by Joan Engebretson @ Telecompetitor
Rural telecom companies supported $10 billion in economic activity in 2017, according to a new report from the Foundation for Rural Service (FRS). The rural telecom economic impact report also found that rural telecom companies contributed over 77,000 jobs that year.
The FRS is a non-profit organization that provides education, information, products and programming to support rural telecom companies.
Rural Telecom Economic Impact Report
The FRS findings were based on information gathered from approximately two thirds of the members of NTCA – The Rural Broadband Association. NTCA members are rural telecom service providers. Collectively, NTCA members employ more than 77,000 people nationwide. Those people received more than $2.3 billion in compensation in 2017.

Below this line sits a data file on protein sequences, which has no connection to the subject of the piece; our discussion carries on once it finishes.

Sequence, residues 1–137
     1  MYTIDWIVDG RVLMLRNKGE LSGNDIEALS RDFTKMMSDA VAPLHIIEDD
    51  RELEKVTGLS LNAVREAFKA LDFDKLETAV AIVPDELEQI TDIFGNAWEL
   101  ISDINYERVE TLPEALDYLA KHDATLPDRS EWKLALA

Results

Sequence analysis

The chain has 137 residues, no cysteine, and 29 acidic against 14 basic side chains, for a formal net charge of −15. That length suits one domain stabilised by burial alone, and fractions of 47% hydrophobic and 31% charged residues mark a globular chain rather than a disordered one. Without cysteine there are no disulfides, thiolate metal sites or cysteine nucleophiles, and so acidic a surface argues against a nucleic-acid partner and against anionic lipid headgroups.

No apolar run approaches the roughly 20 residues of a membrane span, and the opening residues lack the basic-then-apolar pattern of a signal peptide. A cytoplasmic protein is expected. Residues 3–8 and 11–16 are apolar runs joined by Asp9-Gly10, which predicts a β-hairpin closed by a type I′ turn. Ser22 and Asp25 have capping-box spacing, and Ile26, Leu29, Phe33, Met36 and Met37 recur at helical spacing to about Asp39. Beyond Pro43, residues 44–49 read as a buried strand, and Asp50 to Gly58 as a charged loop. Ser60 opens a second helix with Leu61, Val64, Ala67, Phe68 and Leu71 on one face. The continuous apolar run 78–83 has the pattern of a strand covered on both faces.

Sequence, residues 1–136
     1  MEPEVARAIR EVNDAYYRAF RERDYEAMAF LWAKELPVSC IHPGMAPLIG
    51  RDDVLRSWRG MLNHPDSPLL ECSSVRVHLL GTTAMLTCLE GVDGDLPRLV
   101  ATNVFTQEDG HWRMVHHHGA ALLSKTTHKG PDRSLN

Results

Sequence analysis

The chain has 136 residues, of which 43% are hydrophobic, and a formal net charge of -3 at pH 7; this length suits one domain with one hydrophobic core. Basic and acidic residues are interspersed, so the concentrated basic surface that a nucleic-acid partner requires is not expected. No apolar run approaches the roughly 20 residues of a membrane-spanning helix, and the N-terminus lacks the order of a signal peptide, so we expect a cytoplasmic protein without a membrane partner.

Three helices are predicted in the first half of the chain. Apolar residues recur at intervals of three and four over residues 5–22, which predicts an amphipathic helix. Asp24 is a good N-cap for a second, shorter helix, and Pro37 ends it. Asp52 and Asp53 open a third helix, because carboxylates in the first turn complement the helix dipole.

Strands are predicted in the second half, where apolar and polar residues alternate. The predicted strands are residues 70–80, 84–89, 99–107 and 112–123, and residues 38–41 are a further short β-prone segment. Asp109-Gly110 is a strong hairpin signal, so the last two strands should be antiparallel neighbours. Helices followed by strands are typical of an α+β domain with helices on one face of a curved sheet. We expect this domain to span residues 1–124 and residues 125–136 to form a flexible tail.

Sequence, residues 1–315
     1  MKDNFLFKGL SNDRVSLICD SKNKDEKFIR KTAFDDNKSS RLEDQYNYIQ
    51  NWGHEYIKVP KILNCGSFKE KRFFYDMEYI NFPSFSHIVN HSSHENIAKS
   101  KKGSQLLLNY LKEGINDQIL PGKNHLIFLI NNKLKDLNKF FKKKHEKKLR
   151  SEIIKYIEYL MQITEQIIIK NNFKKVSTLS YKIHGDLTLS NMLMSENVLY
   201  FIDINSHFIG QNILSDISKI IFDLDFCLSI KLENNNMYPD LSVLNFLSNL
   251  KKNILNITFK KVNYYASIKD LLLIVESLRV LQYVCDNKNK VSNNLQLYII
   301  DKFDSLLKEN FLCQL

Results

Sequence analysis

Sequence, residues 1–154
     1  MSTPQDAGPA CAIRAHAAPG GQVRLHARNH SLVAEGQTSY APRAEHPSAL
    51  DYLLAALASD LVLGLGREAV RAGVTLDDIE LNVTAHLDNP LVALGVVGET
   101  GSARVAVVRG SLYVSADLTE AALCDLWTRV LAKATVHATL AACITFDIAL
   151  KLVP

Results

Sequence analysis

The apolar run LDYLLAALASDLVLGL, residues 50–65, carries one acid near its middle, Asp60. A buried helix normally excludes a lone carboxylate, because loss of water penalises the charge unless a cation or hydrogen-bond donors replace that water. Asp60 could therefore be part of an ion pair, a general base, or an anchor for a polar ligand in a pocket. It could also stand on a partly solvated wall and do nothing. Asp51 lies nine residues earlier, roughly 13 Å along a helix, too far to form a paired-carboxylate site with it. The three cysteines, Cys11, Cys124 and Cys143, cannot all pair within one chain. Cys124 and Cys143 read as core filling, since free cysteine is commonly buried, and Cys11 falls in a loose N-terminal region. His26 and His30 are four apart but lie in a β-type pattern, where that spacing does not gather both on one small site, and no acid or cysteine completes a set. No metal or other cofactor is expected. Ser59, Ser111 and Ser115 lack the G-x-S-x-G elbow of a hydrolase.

Researchers also used the North American Industry Classification System (NAICS) and the Chmura economic model to assess rural telecom’s broader economic impact. The NAICS and Chmura information enabled FRS to determine the impact that telecom companies had on other industries on a state-by-state basis.
Broadband provided by rural telecom companies has a positive impact on 29 different industries, according to the report. Industries impacted include banking, health care and others.
For every job created by an NTCA member, almost two additional jobs were created in other industries, according to the researchers. This is “due to the interaction with other industries served by or supported from the spending by the telecom employees,” the researchers explained.
As rural stakeholders continue to push to make broadband available nationwide, reports such as this one may be useful in helping to persuade policymakers to support those efforts
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Some rural communities benefited from broadband, on the other hand, those sitting on their hand’s waiting for the big telcos and cable companies to bring them broadband did not. It is in the best interest of all rural communities to take charge of their economic destiny. Over 800 rural towns and cities have developed community networks, assuring a more promising economic future. What about your community?